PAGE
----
If Pennsylvania is the decider, “buckle in,” Yaros said. “Election Night will be Election Month.”

COVID and the electionAs for those wildcards that could determine election results?

  • Early voting — “The numbers are absolutely eye-popping, Democrats have taken the lead.”
  • COVID-19 — “There is a relationship between infections and the economy. More infections means a weaker labor market and weaker economy. [Infections] could lead to disruptions for in-person voting.”
  • Voter turnout — “By all indications, we could very well see record turnout. Enthusiasm for one’s candidate will be a powerful motivator for turnout.”

Not knowing the Election Night results quickly could impact the economy.

“If we know the results by Thanksgiving — which seems likely — stocks and the economy should be fine. Any longer could create a crisis of confidence,” said Yaros.

Agati added, “Markets hate uncertainty. Any concern of getting an outcome has the potential to rattle the market,” which would present some significant volatility. “Uncertainty around an election is not going to be good news for the economy.”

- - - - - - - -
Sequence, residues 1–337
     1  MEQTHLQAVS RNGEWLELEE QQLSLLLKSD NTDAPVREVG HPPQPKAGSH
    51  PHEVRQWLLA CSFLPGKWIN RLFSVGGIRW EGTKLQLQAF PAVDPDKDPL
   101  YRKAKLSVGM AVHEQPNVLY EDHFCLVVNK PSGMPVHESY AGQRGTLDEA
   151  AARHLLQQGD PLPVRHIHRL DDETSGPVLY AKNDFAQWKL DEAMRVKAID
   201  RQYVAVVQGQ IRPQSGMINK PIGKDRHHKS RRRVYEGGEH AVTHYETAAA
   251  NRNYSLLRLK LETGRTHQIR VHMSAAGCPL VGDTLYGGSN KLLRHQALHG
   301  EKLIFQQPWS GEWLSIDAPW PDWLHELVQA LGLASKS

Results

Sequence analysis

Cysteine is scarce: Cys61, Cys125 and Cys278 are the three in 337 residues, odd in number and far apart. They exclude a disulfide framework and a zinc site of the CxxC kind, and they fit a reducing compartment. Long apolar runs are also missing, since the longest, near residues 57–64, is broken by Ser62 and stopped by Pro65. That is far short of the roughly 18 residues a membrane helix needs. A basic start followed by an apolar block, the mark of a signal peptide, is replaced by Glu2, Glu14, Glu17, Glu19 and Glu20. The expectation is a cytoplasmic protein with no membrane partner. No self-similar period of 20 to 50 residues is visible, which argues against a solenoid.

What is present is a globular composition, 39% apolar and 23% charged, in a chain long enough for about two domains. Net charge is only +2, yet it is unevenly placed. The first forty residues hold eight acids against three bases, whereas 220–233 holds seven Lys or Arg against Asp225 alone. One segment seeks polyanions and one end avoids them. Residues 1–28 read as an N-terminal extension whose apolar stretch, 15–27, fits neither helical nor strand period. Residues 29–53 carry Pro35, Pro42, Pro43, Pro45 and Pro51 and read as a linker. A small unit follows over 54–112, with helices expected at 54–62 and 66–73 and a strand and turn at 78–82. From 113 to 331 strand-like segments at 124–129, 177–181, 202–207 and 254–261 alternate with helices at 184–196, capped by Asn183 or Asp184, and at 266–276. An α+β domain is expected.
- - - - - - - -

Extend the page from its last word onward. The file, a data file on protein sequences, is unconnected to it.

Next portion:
As for his Election Night prediction, Yaros said everyone should be watching Florida and North Carolina. “If Biden has a decisive lead on Election Night in Florida or North Carolina, that would be an indication that Biden would win.”

He also said Arizona is worth keeping an eye on and said that if Biden has a decisive lead there “it will give some indication that Biden will win. That would give some sort of certainty to the market.”

The speakers seemed to agree that there is some hope in the future but we just need to focus on survival for now.

“Get through this. We’re not sure what’s going to happen, but some really bad things could happen,” said Franchot. “It is just going to be a long, hard, cold winter.”

In closing, Fry reminded attendees to vote. “A week from today is Election Day. Many have suggested it is the most important Election Day in generations. If you’ve not voted, please make sure that you exercise that most important right that you have to ensure a strong democracy.”